I decided I would try it once and registered for the race the night before the event. Twelve hours later, I found myself walking past the beer tents and bratwursts of Snowbird's Oktoberfest, to instead, run up, around, and down a mountain. Standing at the starting gate amongst Olympians, Ironmen, triathletes, professional skiers and boarders, and other word class athletes, all I could think was, 

“what the hell am I doing here?”

The race started and the Olympians, Ironmen, and other non-humans ran off into the distance. I found a group moving at my same speed and we made our way up to the top of Hidden Peak via Peruvian Gulch and The Cirque. I made it to the top of Hidden Peak in one hour, and twenty-five minutes. My time was a lot slower than average, but I accomplished my goal to not stop moving until I reached the top of the Tram. I snapped some photos and jog-hiked to the top of Mount Baldy. I took a few more photos at the same spot I stood on my last “training” session when I skied Main Chute, back on June 20th. I snapped this photo after receiving an alert saying I had reached the halfway point of the race... needless to say, I was in over my head.


I descended the most technical part of the race, the spine that’s normally part of the Baldy bootpack from Alta. My friend, Jordan, went for a pass and wound up sliding down the rocks on her back. Ski patrol was waiting at the bottom of the section for that very reason, but she declined medical attention and continued down into Mineral Basin.

The run down into Mineral and back up to the saddle between Baldy and Lone Peak was the most mentally challenging part of the race. Something about climbing up two peaks, then running down, just to run back up, definitely took a toll on both my spirits and my pace. I thought about a cold beer waiting for me at the finish line and switched into just-get-this-damn-thing-over with mode, pressing on towards the saddle. After a quick stop at the aid station for some water and energy chews, I said to myself, “it’s all downhill from here”... in the positive sense, or so I thought.


I’m pretty good at running downhill. In the fall, once my mountain bike breaks for the season, I spend a lot of time hiking, or, as my friends call it, “adventure walking.” Normally, I carry a pretty good pace running downhill, but this time was different. Maybe it was the lack of training or simply the 2500 vertical foot descent, but the downhill was a lot harder than I anticipated. My quads and sides simultaneously cramped as I painfully made my towards the bottom of the Tram. I used my last burst of energy to cross the finish line in 2 hours and 52 minutes. My time was slow, but I wasn’t last.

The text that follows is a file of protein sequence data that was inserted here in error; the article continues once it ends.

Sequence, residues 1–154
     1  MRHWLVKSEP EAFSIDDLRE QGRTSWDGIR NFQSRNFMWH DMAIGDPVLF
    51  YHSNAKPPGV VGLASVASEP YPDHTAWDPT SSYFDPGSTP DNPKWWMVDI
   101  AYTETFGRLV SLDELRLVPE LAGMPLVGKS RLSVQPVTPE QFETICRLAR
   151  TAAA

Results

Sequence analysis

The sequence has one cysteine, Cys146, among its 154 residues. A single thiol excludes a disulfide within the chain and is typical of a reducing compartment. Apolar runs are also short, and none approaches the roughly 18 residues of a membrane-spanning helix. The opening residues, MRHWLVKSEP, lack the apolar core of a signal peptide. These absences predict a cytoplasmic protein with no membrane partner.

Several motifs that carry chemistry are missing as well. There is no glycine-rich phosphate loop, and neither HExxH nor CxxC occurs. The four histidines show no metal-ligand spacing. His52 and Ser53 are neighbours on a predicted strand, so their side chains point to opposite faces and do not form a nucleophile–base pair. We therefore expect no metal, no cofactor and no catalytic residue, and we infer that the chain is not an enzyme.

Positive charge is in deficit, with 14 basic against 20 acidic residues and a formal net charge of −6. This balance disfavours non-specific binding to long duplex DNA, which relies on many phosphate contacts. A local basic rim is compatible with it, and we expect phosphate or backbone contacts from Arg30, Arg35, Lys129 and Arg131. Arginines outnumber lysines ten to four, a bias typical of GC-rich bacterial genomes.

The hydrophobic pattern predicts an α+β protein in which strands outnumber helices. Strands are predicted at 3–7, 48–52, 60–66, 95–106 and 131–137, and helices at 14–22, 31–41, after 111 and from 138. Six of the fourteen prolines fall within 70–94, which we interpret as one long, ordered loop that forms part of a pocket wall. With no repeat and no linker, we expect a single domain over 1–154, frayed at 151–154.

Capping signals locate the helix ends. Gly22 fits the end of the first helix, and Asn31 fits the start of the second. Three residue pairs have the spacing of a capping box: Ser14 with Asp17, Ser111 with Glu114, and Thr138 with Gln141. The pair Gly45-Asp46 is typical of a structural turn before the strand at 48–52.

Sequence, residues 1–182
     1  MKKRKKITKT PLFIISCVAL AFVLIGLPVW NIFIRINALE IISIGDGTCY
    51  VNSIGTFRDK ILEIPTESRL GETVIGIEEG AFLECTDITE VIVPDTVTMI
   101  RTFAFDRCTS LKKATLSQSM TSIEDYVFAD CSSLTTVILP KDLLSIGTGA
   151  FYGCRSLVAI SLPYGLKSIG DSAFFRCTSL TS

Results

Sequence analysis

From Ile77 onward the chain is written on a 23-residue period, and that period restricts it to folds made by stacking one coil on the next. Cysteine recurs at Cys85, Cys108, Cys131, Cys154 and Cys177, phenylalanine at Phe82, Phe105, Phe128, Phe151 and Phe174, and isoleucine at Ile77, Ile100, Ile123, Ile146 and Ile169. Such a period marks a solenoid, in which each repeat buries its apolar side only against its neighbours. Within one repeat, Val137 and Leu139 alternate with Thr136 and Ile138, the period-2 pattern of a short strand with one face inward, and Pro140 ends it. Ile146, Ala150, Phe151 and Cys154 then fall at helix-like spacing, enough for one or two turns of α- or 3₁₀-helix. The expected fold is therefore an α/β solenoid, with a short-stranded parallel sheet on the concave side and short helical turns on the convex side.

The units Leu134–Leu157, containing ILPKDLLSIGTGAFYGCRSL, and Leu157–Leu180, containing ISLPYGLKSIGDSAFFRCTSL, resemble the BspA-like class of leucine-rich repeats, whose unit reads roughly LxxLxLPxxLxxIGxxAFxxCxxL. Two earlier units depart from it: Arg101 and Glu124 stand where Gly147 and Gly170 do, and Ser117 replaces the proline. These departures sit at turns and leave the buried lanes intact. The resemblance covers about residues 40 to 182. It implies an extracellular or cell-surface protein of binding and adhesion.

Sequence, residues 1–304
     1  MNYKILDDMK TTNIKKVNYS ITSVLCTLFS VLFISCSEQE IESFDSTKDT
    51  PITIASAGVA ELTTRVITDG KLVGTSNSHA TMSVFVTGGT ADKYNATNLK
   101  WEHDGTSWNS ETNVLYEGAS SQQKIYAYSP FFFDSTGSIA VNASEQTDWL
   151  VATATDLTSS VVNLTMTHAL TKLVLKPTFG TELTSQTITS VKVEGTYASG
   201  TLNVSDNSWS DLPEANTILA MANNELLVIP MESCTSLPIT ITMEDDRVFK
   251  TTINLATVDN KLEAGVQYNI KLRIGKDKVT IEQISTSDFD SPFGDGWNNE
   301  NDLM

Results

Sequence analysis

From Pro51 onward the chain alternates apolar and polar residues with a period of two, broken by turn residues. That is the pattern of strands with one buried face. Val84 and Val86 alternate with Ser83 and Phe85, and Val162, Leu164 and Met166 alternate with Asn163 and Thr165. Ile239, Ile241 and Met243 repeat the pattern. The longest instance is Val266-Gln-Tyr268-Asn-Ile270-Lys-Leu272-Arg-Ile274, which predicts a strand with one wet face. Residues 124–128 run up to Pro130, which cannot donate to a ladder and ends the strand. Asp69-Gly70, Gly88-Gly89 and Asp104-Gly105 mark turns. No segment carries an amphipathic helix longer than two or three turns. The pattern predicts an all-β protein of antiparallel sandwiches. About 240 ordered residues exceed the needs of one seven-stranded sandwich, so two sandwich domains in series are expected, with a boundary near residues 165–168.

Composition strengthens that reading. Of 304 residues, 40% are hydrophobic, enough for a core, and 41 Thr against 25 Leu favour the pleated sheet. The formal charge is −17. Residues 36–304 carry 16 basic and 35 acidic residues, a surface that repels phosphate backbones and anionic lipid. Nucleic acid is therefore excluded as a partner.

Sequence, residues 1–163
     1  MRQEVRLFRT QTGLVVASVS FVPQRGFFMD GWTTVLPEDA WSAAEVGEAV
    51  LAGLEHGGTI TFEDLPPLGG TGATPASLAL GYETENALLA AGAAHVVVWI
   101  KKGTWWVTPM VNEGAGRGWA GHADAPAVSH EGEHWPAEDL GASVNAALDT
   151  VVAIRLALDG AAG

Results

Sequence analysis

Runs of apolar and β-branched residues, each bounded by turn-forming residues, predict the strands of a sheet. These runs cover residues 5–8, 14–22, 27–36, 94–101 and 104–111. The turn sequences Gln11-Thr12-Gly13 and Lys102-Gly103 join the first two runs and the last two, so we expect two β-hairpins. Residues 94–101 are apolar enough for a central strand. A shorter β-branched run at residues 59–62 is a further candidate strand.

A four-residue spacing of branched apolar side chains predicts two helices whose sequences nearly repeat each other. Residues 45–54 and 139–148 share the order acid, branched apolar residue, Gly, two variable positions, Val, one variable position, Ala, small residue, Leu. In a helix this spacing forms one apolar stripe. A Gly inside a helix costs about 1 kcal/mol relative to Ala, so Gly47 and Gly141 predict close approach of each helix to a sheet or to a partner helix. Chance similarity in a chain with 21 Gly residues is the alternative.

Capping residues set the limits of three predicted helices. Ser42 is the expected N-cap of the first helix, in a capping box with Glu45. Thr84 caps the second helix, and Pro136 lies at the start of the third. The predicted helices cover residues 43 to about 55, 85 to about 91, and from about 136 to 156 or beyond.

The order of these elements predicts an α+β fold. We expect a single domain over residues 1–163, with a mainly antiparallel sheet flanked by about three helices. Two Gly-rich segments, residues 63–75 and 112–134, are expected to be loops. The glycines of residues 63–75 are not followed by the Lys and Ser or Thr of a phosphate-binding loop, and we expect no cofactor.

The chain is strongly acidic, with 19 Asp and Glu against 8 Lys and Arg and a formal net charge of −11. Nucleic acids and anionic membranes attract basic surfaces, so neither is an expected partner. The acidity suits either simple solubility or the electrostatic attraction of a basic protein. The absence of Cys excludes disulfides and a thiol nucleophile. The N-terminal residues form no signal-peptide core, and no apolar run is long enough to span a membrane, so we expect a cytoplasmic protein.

I was greeted with a participation medal, a bunch of high fives, and sweaty hugs from friends and strangers as the DJ played music and the MC announced the finishers. It was awesome!


Instead of the “best tasting beer ever” that I went to all this trouble to experience, I settled for a Hi-Ball recovery drink and water, lots of water. I grabbed a Pro Bar and sat in the grass with some buddies, recapping our race experiences for the next hour or so while the lactic acid built up. It wasn’t until after the awards ceremony and raffle that I remembered to crack my celebratory beer, which by now was a room temperature lager. Fittingly, some other crazy thing the Irish and the Brits invented.

I have to disagree with Julian’s claim that a warm Coors Light was the best beer I’ve ever tasted, but I can say it’s one of the most well-earned beers I’ve ever had.

There's just something so rewarding about "earning your après." Because of the hard work, the warm beer at the finish line was even more enjoyable than a chairlift lager split with your ski buddies. Better than any post-epic-pow-day IPA. Tastier than a top-of-the-skin-track stout. More refreshing than a sun's-out-guns-out-spring-skiing Smirnoff Ice... or so I've heard.


It’s now a week and a half after the race, I can finally walk again. And while I originally claimed competitive trail running to be a bucket list, one-and-done, experience, I could see myself signing up for one of next year’s events.

I can almost taste the celebratory, room-temperature Coors Light just thinking about it.


Matt Baydala, originally from Rockville Centre, New York, sniffed his way to Park City, Utah in 2006. Since then, he has built a career as the Owner of the Park City restaurant Yuki Yama Sushi. His passion and appreciation for the diversity of Utah’s wintersports product make him the perfect Powderhound. "For me skiing The Greatest Snow on Earth is not just a hobby; it’s an obsession," exclaimed Baydala. "Now I have the opportunity to share this awesome life we live out here with the entire skiing community."